Full Show

Near Northside Housing and Graffiti Culture: Wednesday’s Show (September 9, 2015)

Houston’s Near Northside neighborhood is home to some new “affordable” housing projects, both apartments and homes, for low-income Houstonians to purchase with subsidies. But are the homes really all that affordable? We learn more about the projects on today’s Houston Matters, from Mary Lawler, Executive Director of the Avenue Community Development Corporation. Also this hour: […]

Houston’s Near Northside neighborhood is home to some new “affordable” housing projects, both apartments and homes, for low-income Houstonians to purchase with subsidies. But are the homes really all that affordable? We learn more about the projects on today’s Houston Matters, from Mary Lawler, Executive Director of the Avenue Community Development Corporation.

Also this hour: In Texas public schools, students who show great promise are supposed to be enrolled in gifted and talented programs where they get extra attention, more challenging work, and with it more funding. But in the Houston Independent School District, students of color are so under-represented that one researcher has called gifted classes there “segregated.” News 88.7 education reporter Laura Isensee examines why and how local education officials aim to address the situation.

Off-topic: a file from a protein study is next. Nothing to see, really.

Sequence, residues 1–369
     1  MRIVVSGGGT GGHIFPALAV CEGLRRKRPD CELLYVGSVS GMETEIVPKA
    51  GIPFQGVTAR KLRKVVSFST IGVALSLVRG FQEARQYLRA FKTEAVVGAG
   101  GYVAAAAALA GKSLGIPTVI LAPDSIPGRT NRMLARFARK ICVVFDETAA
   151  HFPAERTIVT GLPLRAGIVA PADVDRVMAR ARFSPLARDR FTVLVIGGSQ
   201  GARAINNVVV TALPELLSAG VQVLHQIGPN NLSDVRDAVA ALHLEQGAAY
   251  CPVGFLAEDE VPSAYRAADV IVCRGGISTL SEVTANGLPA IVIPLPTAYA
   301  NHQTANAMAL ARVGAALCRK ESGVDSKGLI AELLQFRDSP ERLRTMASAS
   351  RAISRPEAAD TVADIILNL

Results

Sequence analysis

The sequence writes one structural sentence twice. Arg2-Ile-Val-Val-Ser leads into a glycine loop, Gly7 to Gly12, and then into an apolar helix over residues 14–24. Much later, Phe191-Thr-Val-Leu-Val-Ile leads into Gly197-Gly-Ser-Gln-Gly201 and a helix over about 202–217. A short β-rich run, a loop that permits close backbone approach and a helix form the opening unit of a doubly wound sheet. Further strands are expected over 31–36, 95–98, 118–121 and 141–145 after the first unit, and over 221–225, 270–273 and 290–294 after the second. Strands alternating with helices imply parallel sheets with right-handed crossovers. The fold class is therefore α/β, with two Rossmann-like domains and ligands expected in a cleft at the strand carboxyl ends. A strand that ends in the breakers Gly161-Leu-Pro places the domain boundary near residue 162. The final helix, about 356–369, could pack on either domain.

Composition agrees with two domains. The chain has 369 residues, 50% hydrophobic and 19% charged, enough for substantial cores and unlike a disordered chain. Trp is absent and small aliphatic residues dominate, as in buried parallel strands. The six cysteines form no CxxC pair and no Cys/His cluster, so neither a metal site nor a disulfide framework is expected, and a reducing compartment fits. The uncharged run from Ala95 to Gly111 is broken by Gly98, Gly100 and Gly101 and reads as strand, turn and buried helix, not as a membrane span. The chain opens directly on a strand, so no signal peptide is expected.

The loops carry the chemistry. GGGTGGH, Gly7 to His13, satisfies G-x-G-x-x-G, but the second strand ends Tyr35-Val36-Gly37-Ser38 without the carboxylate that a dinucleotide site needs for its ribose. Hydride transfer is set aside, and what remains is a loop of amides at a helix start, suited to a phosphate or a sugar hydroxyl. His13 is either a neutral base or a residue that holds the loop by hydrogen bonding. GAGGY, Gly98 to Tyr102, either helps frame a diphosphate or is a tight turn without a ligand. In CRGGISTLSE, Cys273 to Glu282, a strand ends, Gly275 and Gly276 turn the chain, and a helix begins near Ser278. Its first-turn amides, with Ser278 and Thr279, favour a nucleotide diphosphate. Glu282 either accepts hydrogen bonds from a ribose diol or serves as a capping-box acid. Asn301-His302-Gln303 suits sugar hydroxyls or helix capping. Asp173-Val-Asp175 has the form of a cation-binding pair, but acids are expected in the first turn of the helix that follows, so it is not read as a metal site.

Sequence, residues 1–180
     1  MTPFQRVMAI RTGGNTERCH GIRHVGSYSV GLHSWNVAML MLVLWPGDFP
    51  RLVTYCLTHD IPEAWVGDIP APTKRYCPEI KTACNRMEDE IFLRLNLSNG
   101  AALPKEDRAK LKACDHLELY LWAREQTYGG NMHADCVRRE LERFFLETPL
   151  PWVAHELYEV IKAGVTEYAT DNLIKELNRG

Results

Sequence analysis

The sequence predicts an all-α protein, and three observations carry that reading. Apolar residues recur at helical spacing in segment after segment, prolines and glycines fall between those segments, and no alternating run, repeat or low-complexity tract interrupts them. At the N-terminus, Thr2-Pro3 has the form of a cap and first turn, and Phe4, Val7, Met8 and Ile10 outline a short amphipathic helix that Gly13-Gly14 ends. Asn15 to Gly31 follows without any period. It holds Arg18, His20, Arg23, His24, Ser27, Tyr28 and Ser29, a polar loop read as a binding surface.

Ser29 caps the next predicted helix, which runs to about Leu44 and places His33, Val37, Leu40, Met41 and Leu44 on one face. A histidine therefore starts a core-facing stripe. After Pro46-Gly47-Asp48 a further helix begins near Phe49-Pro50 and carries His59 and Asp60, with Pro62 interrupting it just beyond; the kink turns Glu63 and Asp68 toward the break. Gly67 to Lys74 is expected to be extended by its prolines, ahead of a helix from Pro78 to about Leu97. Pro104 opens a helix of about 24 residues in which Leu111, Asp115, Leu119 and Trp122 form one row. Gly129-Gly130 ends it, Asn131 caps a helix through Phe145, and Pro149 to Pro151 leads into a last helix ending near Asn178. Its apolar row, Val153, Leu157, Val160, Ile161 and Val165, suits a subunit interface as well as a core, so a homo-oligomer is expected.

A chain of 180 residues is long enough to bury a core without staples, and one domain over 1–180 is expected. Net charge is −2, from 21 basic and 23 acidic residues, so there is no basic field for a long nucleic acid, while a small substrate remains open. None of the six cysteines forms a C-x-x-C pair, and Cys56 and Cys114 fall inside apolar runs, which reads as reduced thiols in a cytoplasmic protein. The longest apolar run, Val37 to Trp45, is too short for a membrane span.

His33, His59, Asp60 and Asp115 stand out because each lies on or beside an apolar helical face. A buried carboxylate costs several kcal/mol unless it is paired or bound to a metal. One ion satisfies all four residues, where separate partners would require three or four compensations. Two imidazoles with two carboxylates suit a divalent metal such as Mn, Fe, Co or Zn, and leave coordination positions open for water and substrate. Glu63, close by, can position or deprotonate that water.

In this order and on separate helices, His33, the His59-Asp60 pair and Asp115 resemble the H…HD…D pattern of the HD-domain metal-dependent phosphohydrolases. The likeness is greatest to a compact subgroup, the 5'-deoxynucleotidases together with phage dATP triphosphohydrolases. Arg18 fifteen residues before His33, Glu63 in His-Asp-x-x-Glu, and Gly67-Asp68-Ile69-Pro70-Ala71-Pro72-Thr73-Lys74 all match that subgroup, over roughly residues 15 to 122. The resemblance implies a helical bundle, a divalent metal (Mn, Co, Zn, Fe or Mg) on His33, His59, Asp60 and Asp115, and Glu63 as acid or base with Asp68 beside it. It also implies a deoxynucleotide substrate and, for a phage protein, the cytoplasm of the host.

Then: Legislation signed into law in June makes death records of unidentified people in Texas public information after a year. Previously, all death records were confidential for 25 years. The change only applies to unidentified remains. Human rights advocates say the measure is a good start to addressing a bigger issue, especially for border counties in the state. Some of the migrants who attempt to cross illegally into the U.S. die during their journey, and without any way of identifying their remains, their families are left without answers. Advocates say public death records of these unidentified remains will help locate burial sites of the unidentified for exhumation and the taking of DNA samples. We talk with Dr. Christine Kovic, Associate Professor of Anthropology and Cross Cultural Studies at the University of Houston-Clear Lake, about the issues that prompted the new law, how it could help give closure to Houston families searching for their lost loved ones and how it’ll help researchers locate and document where these unidentified remains are buried for an official record.

Plus: Houston Matters’ Paige Phelps learns about Houston’s graffiti culture.

Share